I've just been out to do the weekly shop. I was up too late to do my favourite trick: in the shops by 8.30 am and home by ten, no crowds, tills all to myself, no hassle in the car park, no traffic jams getting out again. I was in Morrison's by 11 am, which meant I hit the peak Saturday morning rush.
And how depressing that was.
Cocky young men with beer bellies, proudly strutting around wearing the latest sportswear, and older men with straggly, greying hair sticking out from under baseball caps, wearing grey, stained jogging pants and battered trainers. Women with dark roots and grown-out frizzy perms, dressed either as Soviet peasants in a cold snap or as ready for a beach stroll in Marbella - neither appropriate for a cool, windy morning in West Wales. Either wrapped in dowdy overcoats or exposing way too much flesh (with 'tasteful' tattoos, naturally) with pole-dancing clothing offset by rolls of flab in all the wrong places.
I blame Jane Fonda. From the very first 'feel the burn' fitness craze, everyone has rushed to wear sports clothing. It's as if putting on a track suit from JJB Sports makes you suddenly part of the fitness revolution - whether you are a fit 20-year-old or a lardy 50-year-old grandmother. At least leg-warmers have had their day, but the ubiquity of the trainers, jogging pants and (round here) Wales Rugby shirts (on both men and women) makes the unfit look paradoxically less fit than if they wore a shirt and tie.
And above everything, a sad, defeated look about everyone. Sour mouths that turn down at the corners, an air of resignation, a look of utter poverty - both material and spiritual. Standing in the queue for the checkout, I was reminded of photographs of food queues in 1960s Russia. No-one was smiling. Surliness was the mood of the day.
Looking around, it was obvious that the vast majority of Brits dress for cheapness, not looks or quality. Baggy, formless jeans; shapeless hooded tops; grubby cheap baseball caps; and greasy, unstyled hair, dirty fingernails and, everywhere, the tattoos. Everything from the bargain bin. And this was Saturday morning. In the middle of the week, you might say that the shoppers were more likely to be pensioners or the unemployed, where economic necessity could be an explanation. But today, it was all about families, working people who were spending their hard-earned cash on the weekly shop.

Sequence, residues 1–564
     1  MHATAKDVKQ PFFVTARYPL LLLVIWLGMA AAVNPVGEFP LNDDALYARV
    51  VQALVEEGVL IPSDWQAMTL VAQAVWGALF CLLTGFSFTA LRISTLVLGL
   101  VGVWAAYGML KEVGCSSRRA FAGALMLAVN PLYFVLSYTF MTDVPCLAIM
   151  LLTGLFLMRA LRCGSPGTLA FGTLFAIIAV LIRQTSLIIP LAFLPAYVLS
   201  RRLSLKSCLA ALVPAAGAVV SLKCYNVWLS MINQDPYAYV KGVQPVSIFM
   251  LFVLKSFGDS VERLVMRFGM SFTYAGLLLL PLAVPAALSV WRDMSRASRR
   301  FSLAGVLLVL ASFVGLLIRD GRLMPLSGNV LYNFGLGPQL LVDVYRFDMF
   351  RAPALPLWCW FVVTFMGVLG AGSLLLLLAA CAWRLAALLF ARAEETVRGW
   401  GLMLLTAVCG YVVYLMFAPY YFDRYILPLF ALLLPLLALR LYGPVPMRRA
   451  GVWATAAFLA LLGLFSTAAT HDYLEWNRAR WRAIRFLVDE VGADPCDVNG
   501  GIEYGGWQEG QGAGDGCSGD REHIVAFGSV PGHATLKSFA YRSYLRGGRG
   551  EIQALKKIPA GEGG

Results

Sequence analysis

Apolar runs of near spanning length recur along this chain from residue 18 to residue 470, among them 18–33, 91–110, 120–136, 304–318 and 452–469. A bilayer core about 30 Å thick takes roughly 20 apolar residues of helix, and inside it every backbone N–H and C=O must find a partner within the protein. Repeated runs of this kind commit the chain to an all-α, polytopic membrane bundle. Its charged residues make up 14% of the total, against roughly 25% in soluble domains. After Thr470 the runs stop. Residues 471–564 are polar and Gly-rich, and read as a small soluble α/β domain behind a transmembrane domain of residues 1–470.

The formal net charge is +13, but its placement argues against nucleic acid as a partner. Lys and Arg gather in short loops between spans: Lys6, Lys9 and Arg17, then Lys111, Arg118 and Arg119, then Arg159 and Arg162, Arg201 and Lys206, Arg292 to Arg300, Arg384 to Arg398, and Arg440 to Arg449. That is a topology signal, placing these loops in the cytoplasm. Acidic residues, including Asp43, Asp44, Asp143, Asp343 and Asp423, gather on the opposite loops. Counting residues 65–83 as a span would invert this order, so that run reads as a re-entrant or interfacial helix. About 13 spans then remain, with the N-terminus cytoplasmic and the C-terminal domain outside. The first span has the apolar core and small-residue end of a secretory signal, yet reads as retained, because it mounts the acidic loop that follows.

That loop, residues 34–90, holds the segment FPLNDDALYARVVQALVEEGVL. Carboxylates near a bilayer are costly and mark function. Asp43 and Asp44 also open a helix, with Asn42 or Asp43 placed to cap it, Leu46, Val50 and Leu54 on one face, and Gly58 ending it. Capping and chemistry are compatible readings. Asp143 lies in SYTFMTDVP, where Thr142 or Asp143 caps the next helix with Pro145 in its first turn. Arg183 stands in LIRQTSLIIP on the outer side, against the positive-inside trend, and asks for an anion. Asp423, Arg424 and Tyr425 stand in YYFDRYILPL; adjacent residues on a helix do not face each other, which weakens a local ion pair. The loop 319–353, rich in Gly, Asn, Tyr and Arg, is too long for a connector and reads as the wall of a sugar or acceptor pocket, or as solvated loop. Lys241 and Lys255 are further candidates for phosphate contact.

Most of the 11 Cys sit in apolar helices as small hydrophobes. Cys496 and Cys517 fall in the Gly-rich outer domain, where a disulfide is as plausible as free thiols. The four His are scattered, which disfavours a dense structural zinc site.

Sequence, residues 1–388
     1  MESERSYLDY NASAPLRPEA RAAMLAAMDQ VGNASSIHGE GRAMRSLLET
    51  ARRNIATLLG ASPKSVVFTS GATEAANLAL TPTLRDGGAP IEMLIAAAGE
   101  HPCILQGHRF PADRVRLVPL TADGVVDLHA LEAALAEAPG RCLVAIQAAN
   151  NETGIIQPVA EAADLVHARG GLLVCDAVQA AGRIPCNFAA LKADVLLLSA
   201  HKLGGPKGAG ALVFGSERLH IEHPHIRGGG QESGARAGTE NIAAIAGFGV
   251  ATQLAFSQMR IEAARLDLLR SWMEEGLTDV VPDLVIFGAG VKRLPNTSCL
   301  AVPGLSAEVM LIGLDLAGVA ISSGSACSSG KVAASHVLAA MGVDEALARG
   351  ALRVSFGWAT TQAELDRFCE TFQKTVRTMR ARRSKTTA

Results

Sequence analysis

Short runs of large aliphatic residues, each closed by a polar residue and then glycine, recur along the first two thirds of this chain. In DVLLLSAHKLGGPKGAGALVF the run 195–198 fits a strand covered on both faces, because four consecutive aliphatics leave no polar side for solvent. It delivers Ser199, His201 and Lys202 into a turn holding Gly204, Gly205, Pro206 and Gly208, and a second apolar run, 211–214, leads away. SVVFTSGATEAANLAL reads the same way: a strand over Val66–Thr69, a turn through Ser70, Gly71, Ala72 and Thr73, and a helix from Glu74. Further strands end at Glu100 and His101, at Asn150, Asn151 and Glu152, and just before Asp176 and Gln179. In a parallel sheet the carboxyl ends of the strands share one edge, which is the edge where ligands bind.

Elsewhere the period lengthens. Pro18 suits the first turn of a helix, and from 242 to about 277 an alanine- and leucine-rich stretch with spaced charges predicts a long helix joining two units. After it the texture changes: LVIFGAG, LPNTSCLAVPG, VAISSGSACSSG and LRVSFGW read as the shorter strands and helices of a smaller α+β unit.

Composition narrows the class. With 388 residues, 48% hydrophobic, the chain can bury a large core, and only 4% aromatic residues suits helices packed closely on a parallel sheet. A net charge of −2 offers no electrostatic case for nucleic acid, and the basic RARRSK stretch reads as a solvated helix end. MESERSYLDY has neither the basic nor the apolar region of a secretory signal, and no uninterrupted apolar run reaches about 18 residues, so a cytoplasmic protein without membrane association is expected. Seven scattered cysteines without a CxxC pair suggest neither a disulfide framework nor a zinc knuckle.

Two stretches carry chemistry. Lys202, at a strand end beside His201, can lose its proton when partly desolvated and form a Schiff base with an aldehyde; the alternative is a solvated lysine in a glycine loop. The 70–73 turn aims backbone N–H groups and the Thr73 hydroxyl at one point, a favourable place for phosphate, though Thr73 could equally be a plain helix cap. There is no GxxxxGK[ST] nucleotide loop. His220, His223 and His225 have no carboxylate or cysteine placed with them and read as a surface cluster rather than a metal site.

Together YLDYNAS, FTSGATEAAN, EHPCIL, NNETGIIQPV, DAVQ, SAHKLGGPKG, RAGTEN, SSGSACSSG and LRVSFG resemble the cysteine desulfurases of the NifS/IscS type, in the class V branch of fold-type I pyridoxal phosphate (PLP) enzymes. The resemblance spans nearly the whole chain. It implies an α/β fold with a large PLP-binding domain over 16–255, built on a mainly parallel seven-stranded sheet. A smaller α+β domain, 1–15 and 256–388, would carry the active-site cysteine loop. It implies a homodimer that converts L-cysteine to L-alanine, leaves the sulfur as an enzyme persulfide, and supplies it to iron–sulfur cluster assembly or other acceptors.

What made it even more depressing was the occasional person who had made an effort. A woman in a smart coat, with good hair and decent shoes; a middle-aged man in a crisp dark shirt and a stylish waistcoat - these people stood out, drew the eye, as they were so unusual, like those photographs where everything is monochrome apart from one brightly-coloured feature like a sail.
In a similar supermarket in France, the reverse would be true. Sure, there would be the scruffy and grubby, the style-free and the couldn't-care. But the majority of shoppers, regardless of wealth or status, would be well-presented and clean, with clothes with a little class, and accessories with a hint of panache, as if it mattered that we gave the best impression in front of others.
Perhaps we just don't care what other people think any more. We've been told so often that we have our rights, that others are not allowed to criticise, that everyone is equally valuable and worthy, that we don't even bother to make the effort to make the best of ourselves. I know we are in a recession, and that money is tight for everyone, but this has been going on for years.
Today, I feel depressed about my country. I think we have lost it, whatever 'it' was. What can be done to make our country keen again, and happy and positive, and active, and optimistic? I'm not sure I know; in fact, I haven't a clue.